As an artist, you’d think I’d like a creative contest, but the prize seems too small for such a big project. The winner, says the Needle’s campaign, will get “bragging rights … 50th Anniversary mementos and MORE really cool stuff!”
At any rate, why mess with success? I think Galaxy Gold has many fans, if only based on my informal poll at Kerry Park.
“It’s nice they went back to the original color,” said Brittany Nicole, a photographer from Texas. Tour guide Bryan Dutt, of Seattle, said they should keep it orange, “just because it’s history.”
I say let’s keep Galaxy Gold for the next 50 years!
The view of the Space Needle from Kerry Park must be one of the most photographed in the city. On the warm day of my visit, I saw dozens of people taking snapshots, including a three-generation family from Texas, two wedding parties and tourists who poured out of tour vans. Here are some more moments I was able to capture in the old-fashioned way of pen and paper:
May 20, 2011 at 8:14 PM
Sketched May 18, 12:38 p.m. [Sketch location on my Seattle Sketcher Google Map]
The highlight of my exploration of Port of Seattle parks this week (see previous post) was Jack Block Park.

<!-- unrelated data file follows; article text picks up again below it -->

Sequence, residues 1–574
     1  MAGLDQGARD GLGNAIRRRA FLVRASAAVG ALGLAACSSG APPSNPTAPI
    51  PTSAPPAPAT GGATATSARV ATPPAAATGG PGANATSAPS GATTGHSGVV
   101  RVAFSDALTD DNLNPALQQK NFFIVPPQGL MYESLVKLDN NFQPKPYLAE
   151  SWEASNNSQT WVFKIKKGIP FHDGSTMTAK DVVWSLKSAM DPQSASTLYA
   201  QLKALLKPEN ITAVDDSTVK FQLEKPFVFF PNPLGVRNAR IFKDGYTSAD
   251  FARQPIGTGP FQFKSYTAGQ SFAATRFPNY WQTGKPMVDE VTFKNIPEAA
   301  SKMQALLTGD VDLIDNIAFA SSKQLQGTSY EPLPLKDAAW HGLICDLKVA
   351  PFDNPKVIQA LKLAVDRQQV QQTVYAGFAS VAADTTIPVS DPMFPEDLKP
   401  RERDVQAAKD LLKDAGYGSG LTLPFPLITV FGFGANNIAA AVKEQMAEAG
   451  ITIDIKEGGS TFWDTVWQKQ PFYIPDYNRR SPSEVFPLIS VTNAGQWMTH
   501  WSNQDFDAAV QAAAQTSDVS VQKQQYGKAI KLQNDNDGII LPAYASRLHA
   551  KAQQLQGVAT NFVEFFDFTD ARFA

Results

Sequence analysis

I couldn’t believe my luck when I got here. An observation deck 45 feet above the shoreline offers the closest view of the city skyline from West Seattle. You can also see container terminals and hear seals from a 250-foot-long boardwalk.
Hank Fridal, out with his Boston Terriers, said Jack Block is perfect to bring guests from out of town. They are amazed, he said. “Living so close to this, you can’t ever have a bad day.”
Sketched May 18, 5:13 p.m. [Sketch location on my Seattle Sketcher Google Map]
Better known than Jack Block but still hidden behind the Terminal 86 Grain Facility is Elliott Bay Park. It was renamed as Centennial Park last April as part of the Port’s 100th anniversary celebrations.
A “Get to Know Your Port” 14-mile bike ride is coming up June 5. The ride ends at Bell Street Pier but if you have some energy left, I’d suggest taking your bike on the West Seattle Water Taxi –I like to call it the Water Bus– and make your way to Jack Block Park. You won’t regret it!
For more information about centennial events and history of the port visit portseattle100.org.
Coming up: The City of Kirkland is redrawing its boundaries with the annexation of Finn Hill, North Juanita and Kingsgate. That’s where I plan to be sketching next week. Do you live in these neighborhoods? Send me your story and sketch ideas via e-mail, Facebook or Twitter. Have a great weekend!